Currently, I am only taking pain medication rarely during the day. The pain is almost always there but is at a manageable level (2-5 out of 10). At night, I feel it more (5-7) and am still taking about 2 doses of tylenol or advil. I rarely take the codeine anymore. I am using heat packs. It feels nice. Is there anyone out there that can identify with this level of pain at about 4 weeks? Is this "normal" or still well outside the norm?

I feel a lot of stress/tension from my jaw joint. It feels like it's all pulled taut, which makes total sense when I think about it. It's very sensitive to the touch, on the outside. However, even though it makes total sense, I didn't really expect this pulling/tension feeling, either because I didn't pay attention in my random walks through this forum, or didn't see it very often. I've done a bit of super gentle massage but am not sure if it's making a difference.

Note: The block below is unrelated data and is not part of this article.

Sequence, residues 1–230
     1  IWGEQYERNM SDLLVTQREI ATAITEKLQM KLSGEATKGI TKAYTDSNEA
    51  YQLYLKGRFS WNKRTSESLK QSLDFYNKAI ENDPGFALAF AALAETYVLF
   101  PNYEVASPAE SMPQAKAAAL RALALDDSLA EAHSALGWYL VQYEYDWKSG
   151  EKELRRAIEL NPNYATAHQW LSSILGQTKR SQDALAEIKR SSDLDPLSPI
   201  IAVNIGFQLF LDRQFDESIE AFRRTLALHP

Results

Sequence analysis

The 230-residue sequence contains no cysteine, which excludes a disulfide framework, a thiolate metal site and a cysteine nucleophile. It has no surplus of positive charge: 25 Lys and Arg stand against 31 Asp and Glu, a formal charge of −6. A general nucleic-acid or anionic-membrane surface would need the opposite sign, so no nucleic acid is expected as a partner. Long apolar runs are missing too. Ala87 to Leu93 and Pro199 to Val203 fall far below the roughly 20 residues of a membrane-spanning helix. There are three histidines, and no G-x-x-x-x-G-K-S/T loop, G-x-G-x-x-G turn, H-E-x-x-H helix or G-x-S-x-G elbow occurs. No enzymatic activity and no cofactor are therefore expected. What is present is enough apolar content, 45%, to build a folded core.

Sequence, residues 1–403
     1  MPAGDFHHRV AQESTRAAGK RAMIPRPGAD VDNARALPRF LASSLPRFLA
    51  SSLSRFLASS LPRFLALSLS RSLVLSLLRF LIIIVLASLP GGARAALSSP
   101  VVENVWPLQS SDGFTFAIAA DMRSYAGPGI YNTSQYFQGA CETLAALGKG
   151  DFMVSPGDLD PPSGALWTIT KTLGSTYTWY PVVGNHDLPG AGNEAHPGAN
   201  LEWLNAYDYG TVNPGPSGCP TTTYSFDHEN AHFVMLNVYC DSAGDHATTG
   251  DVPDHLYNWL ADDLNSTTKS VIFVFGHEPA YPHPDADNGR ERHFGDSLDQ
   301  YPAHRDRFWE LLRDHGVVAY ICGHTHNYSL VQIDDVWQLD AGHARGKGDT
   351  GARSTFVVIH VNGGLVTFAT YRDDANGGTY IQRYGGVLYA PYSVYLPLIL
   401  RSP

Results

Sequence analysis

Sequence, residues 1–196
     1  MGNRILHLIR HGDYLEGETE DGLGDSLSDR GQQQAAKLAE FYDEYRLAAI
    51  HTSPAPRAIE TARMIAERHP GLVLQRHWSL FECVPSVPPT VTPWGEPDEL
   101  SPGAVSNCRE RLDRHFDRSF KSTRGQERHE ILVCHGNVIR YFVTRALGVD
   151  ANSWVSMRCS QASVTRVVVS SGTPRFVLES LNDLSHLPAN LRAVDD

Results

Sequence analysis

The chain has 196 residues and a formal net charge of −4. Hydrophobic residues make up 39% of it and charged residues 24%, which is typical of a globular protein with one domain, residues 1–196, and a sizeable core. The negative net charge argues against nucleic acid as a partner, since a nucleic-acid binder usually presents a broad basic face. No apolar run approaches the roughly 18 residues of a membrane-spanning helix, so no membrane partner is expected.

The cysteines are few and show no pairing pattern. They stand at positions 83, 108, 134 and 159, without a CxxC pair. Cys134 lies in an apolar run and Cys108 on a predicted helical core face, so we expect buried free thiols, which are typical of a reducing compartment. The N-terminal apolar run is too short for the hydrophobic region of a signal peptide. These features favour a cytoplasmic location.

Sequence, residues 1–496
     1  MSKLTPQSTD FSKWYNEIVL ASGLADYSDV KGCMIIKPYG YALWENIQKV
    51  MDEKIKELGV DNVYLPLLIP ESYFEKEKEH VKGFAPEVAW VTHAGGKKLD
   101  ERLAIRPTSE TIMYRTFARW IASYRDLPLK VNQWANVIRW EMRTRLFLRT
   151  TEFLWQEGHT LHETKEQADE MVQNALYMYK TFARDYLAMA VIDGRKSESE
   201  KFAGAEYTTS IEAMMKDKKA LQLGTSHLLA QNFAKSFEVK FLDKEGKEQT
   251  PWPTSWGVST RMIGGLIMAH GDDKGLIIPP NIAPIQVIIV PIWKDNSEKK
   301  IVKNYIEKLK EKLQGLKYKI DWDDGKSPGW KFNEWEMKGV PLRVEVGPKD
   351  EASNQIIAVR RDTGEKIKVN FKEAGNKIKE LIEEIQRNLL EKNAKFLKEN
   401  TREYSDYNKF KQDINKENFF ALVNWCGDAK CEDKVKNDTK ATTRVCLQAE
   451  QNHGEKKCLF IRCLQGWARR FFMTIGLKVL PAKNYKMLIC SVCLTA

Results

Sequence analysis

My teeth hurt as though I've just gotten an adjustment (see "splint" paragraph below--I'm guessing this is the reason). You know that loose-tooth itchy kind of feeling?

I did have a two instances of clenching my teeth or biting in my sleep (in one instance I was dreaming of eating frosted flakes. :)), which caused me to awaken to searing pain but this diminished pretty quickly and I don't seem to have done any lasting damage!

But enough about pain.